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Comparative Study
, 24 (2), 316-24

Implant Success in Sinus-Lifted Maxillae and Native Bone: A 3-year Clinical and Computerized Tomographic Follow-Up

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  • PMID: 19492648
Comparative Study

Implant Success in Sinus-Lifted Maxillae and Native Bone: A 3-year Clinical and Computerized Tomographic Follow-Up

Ludovico Sbordone et al. Int J Oral Maxillofac Implants.

Abstract

Purpose: The present study was a 3-year follow-up evaluation of implant clinical success and radiographic bone remodeling in sinus floors elevated with different autogenous bone-grafting procedures and in similar native bone regions.

Materials and methods: This retrospective chart review examined consecutive edentulous patients with severe jaw atrophy treated between 2000 and 2002 via sinus lift, when needed, and implant insertion. Implants in sinus lift areas were divided into four groups by graft source (iliac crest, chin area) and technique (bone block, particulate). Implants positioned in native areas beneath the sinus floor served as controls. The cumulative success rate (CSR) and success rate (SR) were calculated, and linear measurements of bone remodeling around implants were assessed on computerized tomographic scans. Results were statistically compared with the Wilcoxon signed rank test.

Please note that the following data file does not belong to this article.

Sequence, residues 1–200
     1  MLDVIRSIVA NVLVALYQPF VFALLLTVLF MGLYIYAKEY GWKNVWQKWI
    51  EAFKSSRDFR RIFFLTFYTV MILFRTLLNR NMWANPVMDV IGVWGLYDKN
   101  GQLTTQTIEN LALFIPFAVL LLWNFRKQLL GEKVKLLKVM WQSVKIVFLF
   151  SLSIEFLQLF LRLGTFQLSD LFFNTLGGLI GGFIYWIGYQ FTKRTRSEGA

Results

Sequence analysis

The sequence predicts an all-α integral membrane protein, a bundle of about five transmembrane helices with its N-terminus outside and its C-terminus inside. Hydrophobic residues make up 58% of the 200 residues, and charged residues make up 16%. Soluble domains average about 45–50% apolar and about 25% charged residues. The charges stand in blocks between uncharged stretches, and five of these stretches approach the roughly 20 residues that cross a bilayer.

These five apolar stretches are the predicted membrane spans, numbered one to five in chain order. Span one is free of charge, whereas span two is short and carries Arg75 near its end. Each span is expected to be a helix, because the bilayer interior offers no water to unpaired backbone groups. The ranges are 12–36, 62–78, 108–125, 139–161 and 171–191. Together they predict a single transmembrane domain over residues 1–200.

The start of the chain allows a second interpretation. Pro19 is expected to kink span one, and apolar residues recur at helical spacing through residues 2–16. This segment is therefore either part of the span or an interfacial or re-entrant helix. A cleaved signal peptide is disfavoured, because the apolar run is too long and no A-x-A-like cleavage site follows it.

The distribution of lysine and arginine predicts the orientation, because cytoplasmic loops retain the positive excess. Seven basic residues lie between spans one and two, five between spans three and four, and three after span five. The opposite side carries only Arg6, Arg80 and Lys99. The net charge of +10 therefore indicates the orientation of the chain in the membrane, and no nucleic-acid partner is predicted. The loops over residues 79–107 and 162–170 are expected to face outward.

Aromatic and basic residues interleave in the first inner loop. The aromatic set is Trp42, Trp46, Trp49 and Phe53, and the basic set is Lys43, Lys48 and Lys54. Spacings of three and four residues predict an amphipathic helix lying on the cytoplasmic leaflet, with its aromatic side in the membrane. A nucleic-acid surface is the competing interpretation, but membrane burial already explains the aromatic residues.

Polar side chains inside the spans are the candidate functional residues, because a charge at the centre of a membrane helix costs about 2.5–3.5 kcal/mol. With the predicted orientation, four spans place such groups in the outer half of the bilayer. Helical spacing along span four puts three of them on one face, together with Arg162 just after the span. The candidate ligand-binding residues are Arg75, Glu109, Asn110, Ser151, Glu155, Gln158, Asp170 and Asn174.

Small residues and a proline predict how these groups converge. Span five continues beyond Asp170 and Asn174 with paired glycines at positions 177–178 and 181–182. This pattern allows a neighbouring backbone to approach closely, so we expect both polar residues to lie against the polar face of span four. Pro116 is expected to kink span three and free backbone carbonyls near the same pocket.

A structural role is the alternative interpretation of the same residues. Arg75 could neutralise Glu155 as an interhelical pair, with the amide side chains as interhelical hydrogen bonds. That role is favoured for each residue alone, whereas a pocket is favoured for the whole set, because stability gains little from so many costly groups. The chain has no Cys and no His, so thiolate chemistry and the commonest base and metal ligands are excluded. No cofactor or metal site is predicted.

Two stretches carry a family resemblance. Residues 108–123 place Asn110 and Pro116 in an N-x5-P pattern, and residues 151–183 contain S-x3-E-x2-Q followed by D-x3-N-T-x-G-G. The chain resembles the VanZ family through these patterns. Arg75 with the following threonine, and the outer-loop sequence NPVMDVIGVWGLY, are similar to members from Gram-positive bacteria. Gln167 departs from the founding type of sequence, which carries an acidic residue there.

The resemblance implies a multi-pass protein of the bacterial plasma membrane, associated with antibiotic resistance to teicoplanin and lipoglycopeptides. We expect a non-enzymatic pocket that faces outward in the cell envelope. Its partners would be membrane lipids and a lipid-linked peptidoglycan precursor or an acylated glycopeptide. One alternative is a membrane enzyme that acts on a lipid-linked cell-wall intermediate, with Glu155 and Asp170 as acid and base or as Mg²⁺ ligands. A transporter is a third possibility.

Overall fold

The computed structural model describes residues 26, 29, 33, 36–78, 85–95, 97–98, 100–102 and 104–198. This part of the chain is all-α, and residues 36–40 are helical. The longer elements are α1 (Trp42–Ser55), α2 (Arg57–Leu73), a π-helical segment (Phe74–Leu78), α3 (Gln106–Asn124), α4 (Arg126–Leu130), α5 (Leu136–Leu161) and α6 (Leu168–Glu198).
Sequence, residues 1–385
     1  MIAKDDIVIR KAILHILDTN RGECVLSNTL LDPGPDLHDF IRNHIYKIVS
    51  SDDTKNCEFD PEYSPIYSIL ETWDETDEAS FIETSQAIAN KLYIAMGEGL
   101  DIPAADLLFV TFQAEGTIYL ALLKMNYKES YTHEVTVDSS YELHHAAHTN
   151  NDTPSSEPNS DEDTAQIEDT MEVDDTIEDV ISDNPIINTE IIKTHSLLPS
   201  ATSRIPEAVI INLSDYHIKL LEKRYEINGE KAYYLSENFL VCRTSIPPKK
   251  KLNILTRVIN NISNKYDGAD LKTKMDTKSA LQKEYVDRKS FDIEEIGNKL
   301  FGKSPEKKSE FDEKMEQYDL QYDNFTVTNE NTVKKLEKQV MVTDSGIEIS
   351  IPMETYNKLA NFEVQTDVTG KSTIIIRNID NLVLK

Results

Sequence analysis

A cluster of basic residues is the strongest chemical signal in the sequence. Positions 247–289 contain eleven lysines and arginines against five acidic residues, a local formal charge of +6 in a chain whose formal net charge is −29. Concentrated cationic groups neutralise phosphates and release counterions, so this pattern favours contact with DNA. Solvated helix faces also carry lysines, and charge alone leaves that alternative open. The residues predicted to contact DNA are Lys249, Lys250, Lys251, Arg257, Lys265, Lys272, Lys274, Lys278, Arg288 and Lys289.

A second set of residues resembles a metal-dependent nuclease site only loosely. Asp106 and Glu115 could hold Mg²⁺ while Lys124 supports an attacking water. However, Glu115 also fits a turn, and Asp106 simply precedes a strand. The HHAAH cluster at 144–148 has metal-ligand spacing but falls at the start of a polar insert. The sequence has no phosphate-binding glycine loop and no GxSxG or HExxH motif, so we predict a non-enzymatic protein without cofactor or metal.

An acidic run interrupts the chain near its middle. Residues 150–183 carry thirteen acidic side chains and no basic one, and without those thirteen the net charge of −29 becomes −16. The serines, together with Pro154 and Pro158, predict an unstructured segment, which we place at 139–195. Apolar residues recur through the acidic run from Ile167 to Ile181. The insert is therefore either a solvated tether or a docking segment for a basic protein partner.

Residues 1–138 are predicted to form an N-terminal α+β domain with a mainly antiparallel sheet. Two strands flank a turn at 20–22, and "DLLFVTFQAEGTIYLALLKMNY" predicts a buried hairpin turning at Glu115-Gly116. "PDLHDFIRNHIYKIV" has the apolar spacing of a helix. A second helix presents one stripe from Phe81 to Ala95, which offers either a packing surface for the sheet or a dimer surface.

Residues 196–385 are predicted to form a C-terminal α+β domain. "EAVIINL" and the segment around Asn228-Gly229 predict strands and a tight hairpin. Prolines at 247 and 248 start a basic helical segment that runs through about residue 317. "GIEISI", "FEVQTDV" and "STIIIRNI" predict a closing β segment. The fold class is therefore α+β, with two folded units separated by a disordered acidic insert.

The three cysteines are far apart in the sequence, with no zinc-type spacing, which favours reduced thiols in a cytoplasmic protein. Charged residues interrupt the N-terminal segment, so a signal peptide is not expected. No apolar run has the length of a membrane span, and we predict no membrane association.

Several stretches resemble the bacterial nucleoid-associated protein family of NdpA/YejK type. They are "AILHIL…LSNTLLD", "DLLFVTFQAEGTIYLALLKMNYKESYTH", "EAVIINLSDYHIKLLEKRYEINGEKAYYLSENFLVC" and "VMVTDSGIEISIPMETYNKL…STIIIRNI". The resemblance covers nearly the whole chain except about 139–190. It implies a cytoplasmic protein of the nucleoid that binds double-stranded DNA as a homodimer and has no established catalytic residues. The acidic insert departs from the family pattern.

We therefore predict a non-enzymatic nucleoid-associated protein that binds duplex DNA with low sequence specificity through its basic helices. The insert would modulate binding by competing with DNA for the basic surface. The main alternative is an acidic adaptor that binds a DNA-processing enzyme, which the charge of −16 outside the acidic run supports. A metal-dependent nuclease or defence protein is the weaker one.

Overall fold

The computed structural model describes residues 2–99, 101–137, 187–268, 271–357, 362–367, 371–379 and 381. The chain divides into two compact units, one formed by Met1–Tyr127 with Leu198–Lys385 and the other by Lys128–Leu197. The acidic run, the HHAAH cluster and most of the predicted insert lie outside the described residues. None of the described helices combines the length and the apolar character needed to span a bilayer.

Results: Twenty-eight patients were treated in the posterior maxilla via insertion of 70 screw-type, root-form, rough implants in 39 sinus-lifted areas. All surgical procedures were uneventful. Twenty-four implants were positioned in native areas beneath the sinus floor. The implant CSR was 95.8% in native areas (one failure/24 implants), 85% in sinuses lifted with particulate chin bone (three failures/20 implants), and 100% in the other three groups (eight in particulate iliac crest, 20 in chin block, and 22 in iliac crest block). Computerized tomographic scans revealed that bone remodeling around apices caused implants to bulge into the sinuses in both particulate bone graft groups. Crestal remodeling around implant necks was similar for all groups.

Conclusions: The use of particulate chin bone grafts in sinus lift procedures does not seem to yield optimal outcomes. Milled iliac crest and chin bone tends to remodel around the implant apices, leading to bulging within the sinuses. Grafting sinuses with either chin or.iliac crest bone blocks yields the highest implant success rates and stable sinus floors.

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